In June, a report examining over 700 hospitals in China was published alleging that the Communist Party has been conducting a secret industrialized slaughter of prisoners of conscience for their organs. The researchers met with no substantive rebuttal, and key leaders in the international transplantation field have given a nod to some of its important conclusions.
The response from the global transplantation establishment has, however, been muted. Top transplantation officials did not express outrage, nor make known their concern over claims of transplant medicine being used as a new form of mass murder.
Nor did they submit polite questions to the Chinese authorities, enquiring about the origin of the surfeit of human organs that have fueled the massive, sustained surge of transplants in China since 2000. The report, authored by investigators Ethan Gutmann, David Kilgour, and David Matas, estimates that between 60,000 and 100,000 transplants were performed each year between 2000 and 2015, with the most likely source for the organs being prisoners of conscience.
Instead, when The Transplantation Society (TTS) holds its biennial conference in Hong Kong this August, China will be the star.
In sessions like “The New Era of Organ Transplantation in China” and “Transplantation Reform in China,” Chinese officials will have the opportunity to tell thousands of medical professionals at the industry’s foremost gathering that they have thoroughly reformed their system, basking in renewed global standing and legitimacy without having passed a single new law—and without a single doctor or official held to account for what has been described as genocide.
At the conference in August, two troubling issues stand out, say transplantation watchdogs. The first is that clinical research by Chinese doctors may have been based on organs obtained unethically. The second is that top TTS executives will be sharing a dais with the Chinese military doctors and transplant surgeons who are accused of engaging in the mass killing of innocents.
In the most remarkable case, one well-known Chinese doctor leads a bizarre double life: he is a top liver surgeon, but he also serves as a leader of the Communist Party’s agitprop organ dedicated to inciting hatred against Falun Gong, a persecuted spiritual practice that researchers say is heavily targeted for organ harvesting.
Allegations of organ harvesting from Falun Gong have dogged Chinese authorities for 10 years, and have been met with varying levels of shock, disbelief, and skepticism in the global public sphere. Now, one of China’s prominent delegates will represent the nexus of these two fields of activity.
On the same panel as this surgeon, Zheng Shusen, sits Dr. Jeremy Chapman of Sydney, the former head of the TTS and a longtime friend of China’s top transplant official. Chapman also serves as the chair of the scientific program for the conference, granting him the task of ensuring that the abstracts from China did not use research based on organs from prisoners.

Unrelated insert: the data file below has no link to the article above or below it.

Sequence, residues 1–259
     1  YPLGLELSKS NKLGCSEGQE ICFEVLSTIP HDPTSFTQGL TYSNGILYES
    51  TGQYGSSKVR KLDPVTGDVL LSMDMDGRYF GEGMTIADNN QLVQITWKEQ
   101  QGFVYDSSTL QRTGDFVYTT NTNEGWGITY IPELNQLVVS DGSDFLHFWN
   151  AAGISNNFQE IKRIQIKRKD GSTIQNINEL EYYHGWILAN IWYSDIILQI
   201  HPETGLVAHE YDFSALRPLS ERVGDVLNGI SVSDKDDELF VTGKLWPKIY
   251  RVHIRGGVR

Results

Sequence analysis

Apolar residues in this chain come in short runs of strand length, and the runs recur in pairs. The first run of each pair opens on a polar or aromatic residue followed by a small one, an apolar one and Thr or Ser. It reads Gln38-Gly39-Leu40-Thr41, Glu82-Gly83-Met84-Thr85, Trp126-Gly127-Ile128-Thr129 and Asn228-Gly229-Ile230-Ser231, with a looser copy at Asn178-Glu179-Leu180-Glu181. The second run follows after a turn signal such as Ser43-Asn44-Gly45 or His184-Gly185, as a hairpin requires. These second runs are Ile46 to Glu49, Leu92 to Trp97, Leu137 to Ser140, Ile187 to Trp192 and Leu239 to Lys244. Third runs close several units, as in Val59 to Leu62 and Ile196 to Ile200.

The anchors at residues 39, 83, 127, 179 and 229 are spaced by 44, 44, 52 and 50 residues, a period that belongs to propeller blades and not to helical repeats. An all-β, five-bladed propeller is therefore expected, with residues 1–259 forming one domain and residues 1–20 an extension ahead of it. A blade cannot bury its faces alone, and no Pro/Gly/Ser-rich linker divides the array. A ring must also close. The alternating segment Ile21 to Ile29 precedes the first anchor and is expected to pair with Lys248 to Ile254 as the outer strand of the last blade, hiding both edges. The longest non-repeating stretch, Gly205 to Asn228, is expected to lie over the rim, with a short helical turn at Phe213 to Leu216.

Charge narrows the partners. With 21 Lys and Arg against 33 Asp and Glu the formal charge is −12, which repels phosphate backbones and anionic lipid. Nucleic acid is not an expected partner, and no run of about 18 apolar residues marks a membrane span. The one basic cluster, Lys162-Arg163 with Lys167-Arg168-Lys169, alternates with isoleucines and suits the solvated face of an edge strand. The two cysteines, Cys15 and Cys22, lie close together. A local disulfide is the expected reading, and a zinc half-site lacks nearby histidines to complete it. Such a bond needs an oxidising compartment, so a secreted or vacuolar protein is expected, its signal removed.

A review of over 50 presentations from China, conducted by Epoch Times, however, shows that at least a dozen fail to address the question of organ sourcing.
Unknown Organ Sources
Many of them do not provide any information about organ sourcing. For instance, one presentation, “Influencing Factors of Fatigue in Liver Transplant Recipients,” by Liu Hongxia of the Beijing University of Chinese Medicine, provides no information about where the 285 livers came from, or when they were obtained, making it difficult to form a judgement about whether they were acquired ethically.
Other studies suffer a similar deficiency. “Pathological analysis of 544 cases of indicated renal allograft biopsies,” and another study on 658 kidney transplants, both presented by Wang Changxi, include kidney transplants performed beginning in 2010. As of 2009, China had only performed a total of 120 transplants from voluntary donors, officials say. It is thus a distinct possibility that many of these transplants were involuntary.
Since 2005, Chinese officials have said that the vast majority of organ transplants come from executed prisoners; since 2013, a nationwide voluntary transplant system has existed, though reliable data about its operations is elusive.
Both of those presenters have a problematic history.
Liu, according to a journal article she co-authored in 2003, participated in at least 60 kidney transplants from January 1999 until May 2002. It is almost certain that none of these were voluntary, and it is statistically likely that many of them may have come from prisoners of conscience, given that such prisoners are believed to have been the primary source of organs in China since 2000.
The same issues exist for Wang, who performed over 700 kidney transplants, according to his hospital profile, the vast majority at a time when China had no voluntary donation system. Other presenters or co-authors boast of similarly problematic histories.